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Surgery of Intradural Extramedullary Tumors: Retrospective Analysis of 107 Cases

Tarantino, Roberto MD*; Donnarumma, Pasquale MD*; Nigro, Lorenzo MD*; Rullo, Marika PhD; Santoro, Antonio MD*; Delfini, Roberto MD*

doi: 10.1227/NEU.0000000000000513
Research-Human-Clinical Studies

BACKGROUND: Intradural extramedullary tumors (IDEMTs) are uncommon lesions that cause pain and neurological deficits.

OBJECTIVE: To evaluate the effects of surgery for IDEMTs.

METHODS: This cohort study recruited all patients operated on for IDEMTs at the Department of Neurology and Psychiatry of Sapienza University of Rome from January 2003 to January 2013. The analysis was conducted on clinical records evaluation over a 1-year follow-up. The Graphic Rating Scale was used to assess pain. Neurological deficits were detected through neurological examination. Quality of life was evaluated with the EuroQol (EQ-5D). Statistical interpretation of the data was performed with SPSS version 19 software.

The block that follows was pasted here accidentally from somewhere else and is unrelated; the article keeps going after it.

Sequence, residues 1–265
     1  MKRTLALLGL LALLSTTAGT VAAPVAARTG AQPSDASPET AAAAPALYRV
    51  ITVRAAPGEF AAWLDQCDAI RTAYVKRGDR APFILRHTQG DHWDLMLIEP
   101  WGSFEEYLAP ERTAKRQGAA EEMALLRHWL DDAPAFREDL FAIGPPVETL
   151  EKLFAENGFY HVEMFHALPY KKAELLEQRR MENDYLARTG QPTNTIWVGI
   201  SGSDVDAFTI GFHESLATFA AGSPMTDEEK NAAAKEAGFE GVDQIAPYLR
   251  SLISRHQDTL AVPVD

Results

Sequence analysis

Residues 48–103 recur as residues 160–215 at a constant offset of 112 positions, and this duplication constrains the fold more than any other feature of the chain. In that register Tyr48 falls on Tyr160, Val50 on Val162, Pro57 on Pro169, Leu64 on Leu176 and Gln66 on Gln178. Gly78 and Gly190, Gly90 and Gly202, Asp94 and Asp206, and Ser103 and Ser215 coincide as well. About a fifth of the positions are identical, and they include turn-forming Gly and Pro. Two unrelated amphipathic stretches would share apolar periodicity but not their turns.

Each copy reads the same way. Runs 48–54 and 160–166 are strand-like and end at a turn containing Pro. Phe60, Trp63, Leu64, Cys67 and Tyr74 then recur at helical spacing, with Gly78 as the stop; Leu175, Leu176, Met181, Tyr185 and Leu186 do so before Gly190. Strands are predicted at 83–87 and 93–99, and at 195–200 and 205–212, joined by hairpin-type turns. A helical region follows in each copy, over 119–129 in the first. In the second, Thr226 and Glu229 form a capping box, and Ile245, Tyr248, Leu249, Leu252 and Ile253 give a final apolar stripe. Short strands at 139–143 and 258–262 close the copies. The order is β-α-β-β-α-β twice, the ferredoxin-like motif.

RESULTS: One hundred seven patients were recruited. Three were lost to follow-up. Patients reported lower level of pain 1 year after surgery (before surgery, 6.05; after surgery, 3.65). Mean comparison showed a significant decrease of −2.400 (P < .001). Ninety-two patients (88.5%) were neurologically asymptomatic 1 year after surgery. Only 12 patients (11.5%) presented with a deficit, with a global decrease of 39% (χ2 = 27.6; P < .005). The quality of life in patients was middle to high (mean rating of EQ-5D visual analog score, 61.78%). The lowest levels of quality of life were found in patients with sphincter dysfunctions (mean, 33.4).

CONCLUSION: Surgery for IDEMTs has a good outcome. Patients reported lower levels of pain and a drastic reduction in neurological symptoms 1 year after surgery. The quality of life is middle to high. It is influenced mainly by the neurological outcome.

ABBREVIATIONS: EQ-5D VAS, EuroQol visual analog score

GRS, Graphic Rating Scale

IDEMT, intradural extramedullary tumor

*Department of Neurology and Psychiatry, Division of Neurosurgery, and

Department of Psychology of Developmental and Socialization Processes, Sapienza University of Rome, Rome, Italy

Correspondence: Lorenzo Nigro, MD, Department of Neurology and Psychiatry, Division of Neurosurgery, Sapienza University of Rome, Viale del Policlinico 155, 00161 Rome, Italy. E-mail:

Received April 06, 2014

Accepted July 07, 2014

Copyright © by the Congress of Neurological Surgeons